Thanks for all the perspectives, everyone. We've got about £4000 in debt, and in my mind anyway that isn't enough for bankruptcy, especially since we're capable of paying it off, just not as quickly as we'd like to. We both agree that it would be better to get it paid off before we move, which is why our move is being delayed, I was just wondering how other people dealt with it. Looks like we're in for a wait then.

And: I was asked "Which beg the next question - if you can't afford to pay off your debt how can you afford to move back to the states, its not cheap?"

Well, obviously we can't afford it yet, which is why we're still here and not considering moving for at least another year. As for how we'll manage once we're there, we've got a plan and family to help, so we'll manage...

Thanks everyone...
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Old Dec 13th 2003, 6:07 pm
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Originally posted by good_idea_marge
Wow... didn't mean to start a fight!

Thanks for all the perspectives, everyone. We've got about £4000 in debt, and in my mind anyway that isn't enough for bankruptcy, especially since we're capable of paying it off, just not as quickly as we'd like to. We both agree that it would be better to get it paid off before we move, which is why our move is being delayed, I was just wondering how other people dealt with it. Looks like we're in for a wait then.

And: I was asked "Which beg the next question - if you can't afford to pay off your debt how can you afford to move back to the states, its not cheap?"

Well, obviously we can't afford it yet, which is why we're still here and not considering moving for at least another year. As for how we'll manage once we're there, we've got a plan and family to help, so we'll manage...

Thanks everyone...
Hey, good luck. I hope you find a convenient way to pay off your debts. And don't worry about starting a fight - you weren't responsible for that, you just asked for advice. Some people on this site get pissed off easily (including myself), and sarcasm is the easiest response. Personally, I think that if you don't like how much a credit card company charges you can always decide not to use them. Nobody's forcing me to use my Barclaycard. Get ready for the next barrage....
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Old Dec 13th 2003, 6:28 pm
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Well done on wanting to do the decent thing. I know an awful lot of people who actually funded their moves to Spain by taking out loans in the UK and never repaying them. And no, I'm not one of them.

Good luck with your move.
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Old Dec 14th 2003, 3:35 am
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Sorry if i havent bought into the its a moral obligation to pay back the money lie.

How come the little man should stump up the £4000 and yet Citibank can set up a shell corporation sell stock in this company to unsuspecting buyers then dump its entire $4bn of Enron liabilities on these companies so that when Enron goes pop Citibank dont get left holding the bag and instead lots of small investors end up with no life savings and no pensions. By the way yes they were caught on for it and were fined around $200m. Ok so $200m for $4bn thats a good deal. In fact its around 5% of the real total they ****ed people for. Yep i feel real bad knowing i only gave back 43% of what citibank and barclaycard to name a couple had lent me.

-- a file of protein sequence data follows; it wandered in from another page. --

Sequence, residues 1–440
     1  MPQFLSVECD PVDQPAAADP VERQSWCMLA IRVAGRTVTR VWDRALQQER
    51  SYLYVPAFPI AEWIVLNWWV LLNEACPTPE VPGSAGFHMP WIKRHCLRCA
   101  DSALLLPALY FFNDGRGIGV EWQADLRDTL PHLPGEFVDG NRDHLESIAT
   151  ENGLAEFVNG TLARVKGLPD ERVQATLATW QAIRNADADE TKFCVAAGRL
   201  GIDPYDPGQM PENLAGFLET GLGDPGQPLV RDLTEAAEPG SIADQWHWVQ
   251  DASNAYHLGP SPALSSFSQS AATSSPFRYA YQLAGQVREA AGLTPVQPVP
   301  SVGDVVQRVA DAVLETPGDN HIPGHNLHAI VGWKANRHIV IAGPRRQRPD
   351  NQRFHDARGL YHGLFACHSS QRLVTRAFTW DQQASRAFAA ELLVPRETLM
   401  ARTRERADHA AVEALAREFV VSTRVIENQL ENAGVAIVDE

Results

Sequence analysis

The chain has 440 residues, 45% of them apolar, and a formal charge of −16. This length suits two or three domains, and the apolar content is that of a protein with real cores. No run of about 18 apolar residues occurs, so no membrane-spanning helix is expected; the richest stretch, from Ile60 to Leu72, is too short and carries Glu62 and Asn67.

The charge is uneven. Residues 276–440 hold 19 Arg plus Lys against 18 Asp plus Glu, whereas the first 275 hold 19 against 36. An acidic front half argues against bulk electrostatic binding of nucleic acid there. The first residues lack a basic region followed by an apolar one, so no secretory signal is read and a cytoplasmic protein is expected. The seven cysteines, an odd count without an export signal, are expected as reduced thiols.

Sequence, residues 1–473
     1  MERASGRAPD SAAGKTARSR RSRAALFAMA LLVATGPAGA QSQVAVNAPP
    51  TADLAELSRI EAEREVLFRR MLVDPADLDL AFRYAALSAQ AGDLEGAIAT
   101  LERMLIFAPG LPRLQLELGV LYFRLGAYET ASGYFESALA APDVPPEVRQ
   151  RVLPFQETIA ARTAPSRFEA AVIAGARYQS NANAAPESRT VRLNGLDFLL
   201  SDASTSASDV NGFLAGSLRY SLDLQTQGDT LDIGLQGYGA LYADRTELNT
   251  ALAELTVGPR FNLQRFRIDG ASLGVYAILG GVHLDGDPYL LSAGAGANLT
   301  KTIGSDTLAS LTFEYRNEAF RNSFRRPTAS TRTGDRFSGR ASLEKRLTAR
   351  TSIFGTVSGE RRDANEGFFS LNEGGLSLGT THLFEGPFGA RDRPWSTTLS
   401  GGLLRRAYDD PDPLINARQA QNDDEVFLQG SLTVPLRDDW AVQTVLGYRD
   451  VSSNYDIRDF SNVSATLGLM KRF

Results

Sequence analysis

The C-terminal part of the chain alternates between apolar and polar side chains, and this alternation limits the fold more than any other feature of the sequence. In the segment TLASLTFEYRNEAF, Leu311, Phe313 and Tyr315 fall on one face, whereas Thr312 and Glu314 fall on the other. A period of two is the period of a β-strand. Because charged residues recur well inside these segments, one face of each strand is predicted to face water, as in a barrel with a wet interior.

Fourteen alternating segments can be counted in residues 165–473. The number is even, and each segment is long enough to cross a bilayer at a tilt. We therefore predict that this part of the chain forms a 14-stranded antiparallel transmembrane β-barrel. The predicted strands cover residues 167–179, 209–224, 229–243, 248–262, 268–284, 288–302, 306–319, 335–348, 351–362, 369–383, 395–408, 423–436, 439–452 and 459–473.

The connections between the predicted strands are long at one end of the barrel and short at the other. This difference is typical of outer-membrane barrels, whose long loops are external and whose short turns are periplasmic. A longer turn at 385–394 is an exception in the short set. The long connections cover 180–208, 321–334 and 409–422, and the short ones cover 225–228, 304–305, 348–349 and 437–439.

And for the second time i was not proposing bankruptcy. I was suggesting a lump sum settlement of the debt for lesser figure than the total. Move to the states and say balls to them then offer 50% they will take it or be powerless to pursue you. thats my suggestion but if you feel better about it then wait a year or two then move and know that you helped make fat cat bankers a tiny bit richer.

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Old Dec 14th 2003, 8:43 am
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Originally posted by Duncs
Sorry if i havent bought into the its a moral obligation to pay back the money lie.

regards,

Duncan

Just how much did the Queen Mum owe when she died ? 4or 5 million quid ? She could have returned all the empty gin bottles & paid off the debt with a few bob to spare.

You leaving owing a few thou is a piss in the ocean in comparison.
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Old Dec 14th 2003, 3:49 pm
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If you feel that you can leave debt behind then that's your perogative, but if you think more long term can you honestly say you'll never return to Britain to live? What effect would that decision have then?
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Old Dec 14th 2003, 5:54 pm
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Originally posted by RoB1833
If you feel that you can leave debt behind then that's your perogative, but if you think more long term can you honestly say you'll never return to Britain to live? What effect would that decision have then?
No of course not but I dont anticipate returning anytime soon and in 6 years my credit record is cleared so whats the problem.

Besides a great credit record is not the be all and end all of life you know.